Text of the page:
Golden Week in Japan is a week-long period of celebrations and time off. It is not a specific celebration of one thing, but actually a collection of holidays that all happen to occur during a single week. Kids get time off from school, large companies and office workers also usually get the whole week off. Workers at smaller companies and public employees will only get two or three extra days off, which is admittedly still nice.
Golden Week starts with Showa Day on April 29th. This was the birthday of the Showa Emperor, who was the emperor before Akihito, and passed away in 1989. Next is May 3rd, which is Kenpo Kinenbi, or Constitution Day. This is to mark the day Japan signed the postwar constitution in 1947. May 4th is Greenery Day, which meant to be a day to celebrate nature and its blessings. The last holiday is titled Children’s Day, on May 5th, but is actually celebrated as Boys’ Day (Girls’ Day was in March).
It is common throughout the week to see streamer of different colored koi fish. This is for Boys’ Day, where families with sons display the streamers with the hopes they grow up to be strong and healthy. The koi streamers used to mean the location of brave warriors in ancient times. As a result, they are associated with Boys’ Day because they symbolize masculinity and courage. There is also a specific order to the colors of fish on the streamer. The largest is always black, representing the father of the household. Then each successive fish gets a little smaller, with the second being red for the mother. The next two are blue and green, for the sons of the family.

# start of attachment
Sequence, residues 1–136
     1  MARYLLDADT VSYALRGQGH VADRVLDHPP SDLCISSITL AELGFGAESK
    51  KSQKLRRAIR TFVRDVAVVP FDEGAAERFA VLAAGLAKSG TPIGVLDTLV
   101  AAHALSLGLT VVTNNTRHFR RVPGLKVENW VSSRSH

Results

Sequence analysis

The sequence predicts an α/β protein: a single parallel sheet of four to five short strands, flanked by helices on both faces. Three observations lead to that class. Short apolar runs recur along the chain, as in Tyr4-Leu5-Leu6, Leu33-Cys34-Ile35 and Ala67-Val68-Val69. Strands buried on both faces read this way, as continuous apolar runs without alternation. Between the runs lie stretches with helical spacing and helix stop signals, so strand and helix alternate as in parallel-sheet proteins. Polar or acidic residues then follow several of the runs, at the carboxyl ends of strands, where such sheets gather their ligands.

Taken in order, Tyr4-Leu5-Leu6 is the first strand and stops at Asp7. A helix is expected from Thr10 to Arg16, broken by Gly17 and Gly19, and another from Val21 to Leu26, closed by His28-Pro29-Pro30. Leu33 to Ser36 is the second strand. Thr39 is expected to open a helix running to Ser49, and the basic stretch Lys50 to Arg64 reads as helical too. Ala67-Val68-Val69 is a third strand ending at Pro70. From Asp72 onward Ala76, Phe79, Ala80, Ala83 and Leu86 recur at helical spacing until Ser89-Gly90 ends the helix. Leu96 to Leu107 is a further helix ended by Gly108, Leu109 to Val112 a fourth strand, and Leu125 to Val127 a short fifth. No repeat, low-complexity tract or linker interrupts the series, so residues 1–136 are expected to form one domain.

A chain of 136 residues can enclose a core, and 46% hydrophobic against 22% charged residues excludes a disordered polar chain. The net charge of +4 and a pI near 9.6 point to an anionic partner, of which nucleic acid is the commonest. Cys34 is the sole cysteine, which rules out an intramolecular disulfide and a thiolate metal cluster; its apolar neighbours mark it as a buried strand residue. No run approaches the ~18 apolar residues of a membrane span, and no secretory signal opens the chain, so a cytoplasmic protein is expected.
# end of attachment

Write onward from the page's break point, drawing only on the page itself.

One negative aspect of this year’s Golden Week is that because of the days it falls on, there will only be one weekend during the period. Similar to the New Year’s holiday or even Thanksgiving and Christmas in the U.S., any forms of transportation, as well as popular vacation or sightseeing locations, will be completely over crowded. One can expect trains packed to maximum capacity, highways flooded with traffic, and long lines at amusements.
One of the common festivities occurring in Tokyo is at the famous Sumida River, where in the evening little floating lanterns powered by LED will be released to float downstream. In Chiba prefecture, there is a huge fireworks display that many travel from afar to see. Many different locations in Japan, not just Tokyo, but also Hokkaido, Kyoto, and Osaka, have multi-day food festivals where visitors can try different foods, beers, and even sweets.
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